According to the National Institute of Dental and Craniofacial Research, Down syndrome and other genetic disorders can cause delays in tooth eruption, sometimes up to two years. These children may also develop malformed or extra teeth that erupt or even have congenitally missing teeth. Crowding and poor alignment, in general, can leave children prone to gum disease and tooth decay because it makes their teeth difficult to keep clean. In cases of severe intellectual disability or cerebral palsy, children may also habitually grind their teeth, making them flat as they gradually break down the enamel.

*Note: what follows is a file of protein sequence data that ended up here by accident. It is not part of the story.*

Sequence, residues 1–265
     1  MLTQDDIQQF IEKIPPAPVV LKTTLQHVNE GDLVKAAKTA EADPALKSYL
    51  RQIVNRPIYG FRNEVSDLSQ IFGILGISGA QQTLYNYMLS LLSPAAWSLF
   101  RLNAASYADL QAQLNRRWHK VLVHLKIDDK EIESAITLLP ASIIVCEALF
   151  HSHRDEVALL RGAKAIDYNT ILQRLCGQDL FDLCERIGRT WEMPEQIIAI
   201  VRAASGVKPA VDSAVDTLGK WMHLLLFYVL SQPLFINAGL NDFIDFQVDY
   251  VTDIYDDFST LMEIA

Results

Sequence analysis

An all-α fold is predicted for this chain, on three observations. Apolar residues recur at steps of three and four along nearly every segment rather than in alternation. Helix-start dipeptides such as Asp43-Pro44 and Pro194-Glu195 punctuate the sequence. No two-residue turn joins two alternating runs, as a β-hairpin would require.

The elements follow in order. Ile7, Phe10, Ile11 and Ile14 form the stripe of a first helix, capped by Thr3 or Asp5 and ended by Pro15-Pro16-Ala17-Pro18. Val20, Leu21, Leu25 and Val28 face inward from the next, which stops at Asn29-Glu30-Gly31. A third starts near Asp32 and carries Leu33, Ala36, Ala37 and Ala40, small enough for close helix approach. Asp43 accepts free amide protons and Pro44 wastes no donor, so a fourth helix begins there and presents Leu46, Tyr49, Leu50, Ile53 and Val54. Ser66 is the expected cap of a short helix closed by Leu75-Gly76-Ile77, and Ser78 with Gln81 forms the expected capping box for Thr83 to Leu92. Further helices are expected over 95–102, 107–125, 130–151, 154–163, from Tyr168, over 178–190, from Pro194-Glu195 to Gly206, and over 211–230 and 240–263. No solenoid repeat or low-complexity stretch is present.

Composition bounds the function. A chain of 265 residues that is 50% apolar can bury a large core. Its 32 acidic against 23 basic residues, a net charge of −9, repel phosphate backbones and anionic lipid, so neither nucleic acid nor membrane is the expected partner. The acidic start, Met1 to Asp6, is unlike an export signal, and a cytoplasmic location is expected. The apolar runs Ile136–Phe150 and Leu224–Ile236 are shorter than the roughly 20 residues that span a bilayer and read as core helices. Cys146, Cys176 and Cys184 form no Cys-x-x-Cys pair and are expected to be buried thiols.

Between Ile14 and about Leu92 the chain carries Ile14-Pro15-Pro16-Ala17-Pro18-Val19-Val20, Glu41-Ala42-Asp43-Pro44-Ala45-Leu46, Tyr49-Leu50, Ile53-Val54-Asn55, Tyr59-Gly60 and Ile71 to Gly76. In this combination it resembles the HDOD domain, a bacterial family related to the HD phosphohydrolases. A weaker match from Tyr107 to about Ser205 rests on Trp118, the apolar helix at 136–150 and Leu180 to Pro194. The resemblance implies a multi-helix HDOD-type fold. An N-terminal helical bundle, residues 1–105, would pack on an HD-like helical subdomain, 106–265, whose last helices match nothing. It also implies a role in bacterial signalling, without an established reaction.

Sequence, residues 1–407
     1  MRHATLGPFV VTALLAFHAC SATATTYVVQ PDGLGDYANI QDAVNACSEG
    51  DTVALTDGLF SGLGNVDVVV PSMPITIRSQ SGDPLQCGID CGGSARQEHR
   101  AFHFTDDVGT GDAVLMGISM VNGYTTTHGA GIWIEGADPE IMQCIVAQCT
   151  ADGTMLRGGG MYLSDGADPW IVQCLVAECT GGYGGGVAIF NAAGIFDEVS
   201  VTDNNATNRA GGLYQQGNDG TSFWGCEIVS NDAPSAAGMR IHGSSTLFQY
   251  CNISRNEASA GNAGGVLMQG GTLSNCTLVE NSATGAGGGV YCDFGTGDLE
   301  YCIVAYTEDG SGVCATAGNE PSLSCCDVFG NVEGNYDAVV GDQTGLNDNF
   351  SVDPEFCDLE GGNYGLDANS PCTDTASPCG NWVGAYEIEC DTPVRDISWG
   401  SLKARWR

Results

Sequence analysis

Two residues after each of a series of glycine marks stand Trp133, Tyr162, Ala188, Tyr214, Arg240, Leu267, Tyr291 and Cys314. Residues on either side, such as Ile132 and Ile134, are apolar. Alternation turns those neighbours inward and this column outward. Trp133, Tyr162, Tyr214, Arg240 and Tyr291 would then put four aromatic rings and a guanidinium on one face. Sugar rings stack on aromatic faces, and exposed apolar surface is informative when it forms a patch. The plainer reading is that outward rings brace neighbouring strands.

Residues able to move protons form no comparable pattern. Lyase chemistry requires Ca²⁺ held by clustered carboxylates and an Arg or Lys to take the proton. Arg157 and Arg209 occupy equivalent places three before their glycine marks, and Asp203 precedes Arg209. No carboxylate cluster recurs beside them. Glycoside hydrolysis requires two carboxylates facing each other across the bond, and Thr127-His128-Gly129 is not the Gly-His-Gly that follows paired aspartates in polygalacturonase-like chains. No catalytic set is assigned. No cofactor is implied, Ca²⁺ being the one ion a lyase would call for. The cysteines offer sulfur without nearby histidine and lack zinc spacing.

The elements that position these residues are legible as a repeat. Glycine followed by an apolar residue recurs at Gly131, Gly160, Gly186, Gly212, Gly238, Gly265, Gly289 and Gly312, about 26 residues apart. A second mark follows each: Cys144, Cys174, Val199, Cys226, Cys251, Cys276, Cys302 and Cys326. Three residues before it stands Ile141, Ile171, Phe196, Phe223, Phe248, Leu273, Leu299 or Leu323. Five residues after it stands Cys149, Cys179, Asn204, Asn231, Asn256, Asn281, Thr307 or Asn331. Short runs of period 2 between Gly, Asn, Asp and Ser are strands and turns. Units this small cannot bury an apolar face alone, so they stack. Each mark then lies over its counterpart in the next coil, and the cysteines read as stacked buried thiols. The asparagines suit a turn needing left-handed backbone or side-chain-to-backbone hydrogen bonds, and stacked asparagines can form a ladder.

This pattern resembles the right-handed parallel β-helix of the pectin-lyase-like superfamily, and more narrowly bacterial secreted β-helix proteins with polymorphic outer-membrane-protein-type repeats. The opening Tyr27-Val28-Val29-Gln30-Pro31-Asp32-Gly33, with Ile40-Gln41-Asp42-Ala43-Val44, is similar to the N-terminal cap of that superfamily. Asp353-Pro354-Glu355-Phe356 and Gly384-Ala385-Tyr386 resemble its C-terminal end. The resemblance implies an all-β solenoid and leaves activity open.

Tooth decay and gum disease can also result from a child's impaired immune system and connective tissue disorders. Many of the medications your child may be taking could contain sugar or lead to dry mouth as a side effect, which is especially conducive to tooth decay. Certain medications can also cause an overgrowth of the gum tissue, so be sure to ask your doctor and dentist about the side effects of the medication your child may be taking.